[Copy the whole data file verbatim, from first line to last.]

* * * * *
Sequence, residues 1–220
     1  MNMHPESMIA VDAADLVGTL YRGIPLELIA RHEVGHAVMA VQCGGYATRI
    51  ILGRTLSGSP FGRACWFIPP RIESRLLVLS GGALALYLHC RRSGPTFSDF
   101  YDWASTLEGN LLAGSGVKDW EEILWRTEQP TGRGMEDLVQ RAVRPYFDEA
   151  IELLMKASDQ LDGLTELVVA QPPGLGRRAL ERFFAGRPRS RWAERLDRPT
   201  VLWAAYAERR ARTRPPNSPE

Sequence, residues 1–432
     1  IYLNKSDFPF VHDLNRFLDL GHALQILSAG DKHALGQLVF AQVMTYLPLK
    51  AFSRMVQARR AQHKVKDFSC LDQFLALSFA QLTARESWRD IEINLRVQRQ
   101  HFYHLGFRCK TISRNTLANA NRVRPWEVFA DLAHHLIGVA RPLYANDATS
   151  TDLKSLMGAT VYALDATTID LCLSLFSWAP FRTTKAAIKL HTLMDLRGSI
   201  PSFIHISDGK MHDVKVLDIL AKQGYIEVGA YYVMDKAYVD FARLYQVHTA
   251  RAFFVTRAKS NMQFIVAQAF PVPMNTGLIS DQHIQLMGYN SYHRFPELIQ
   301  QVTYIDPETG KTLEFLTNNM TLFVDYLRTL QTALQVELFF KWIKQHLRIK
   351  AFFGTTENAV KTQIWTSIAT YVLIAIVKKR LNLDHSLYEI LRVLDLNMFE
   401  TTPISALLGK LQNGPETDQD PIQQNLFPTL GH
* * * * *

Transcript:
Sequence, residues 1–220
     1  MNMHPESMIA VDAADLVGTL YRGIPLELIA RHEVGHAVMA VQCGGYATRI
    51  ILGRTLSGSP FGRACWFIPP RIESRLLVLS GGALALYLHC RRSGPTFSDF
   101  YDWASTLEGN LLAGSGVKDW EEILWRTEQP TGRGMEDLVQ RAVRPYFDEA
   151  IELLMKASDQ LDGLTELVVA QPPGLGRRAL ERFFAGRPRS RWAERLDRPT
   201  VLWAAYAERR ARTRPPNSPE

Sequence, residues 1–432
     1  IYLNKSDFPF VHDLNRFLDL GHALQILSAG DKHALGQLVF AQVMTYLPLK
    51  AFSRMVQARR AQHKVKDFSC LDQFLALSFA QLTARESWRD IEINLRVQRQ
   101  HFYHLGFRCK TISRNTLANA NRVRPWEVFA DLAHHLIGVA RPLYANDATS
   151  TDLKSLMGAT VYALDATTID LCLSLFSWAP FRTTKAAIKL HTLMDLRGSI
   201  PSFIHISDGK MHDVKVLDIL AKQGYIEVGA YYVMDKAYVD FARLYQVHTA
   251  RAFFVTRAKS NMQFIVAQAF PVPMNTGLIS DQHIQLMGYN SYHRFPELIQ
   301  QVTYIDPETG KTLEFLTNNM TLFVDYLRTL QTALQVELFF KWIKQHLRIK
   351  AFFGTTENAV KTQIWTSIAT YVLIAIVKKR LNLDHSLYEI LRVLDLNMFE
   401  TTPISALLGK LQNGPETDQD PIQQNLFPTL GH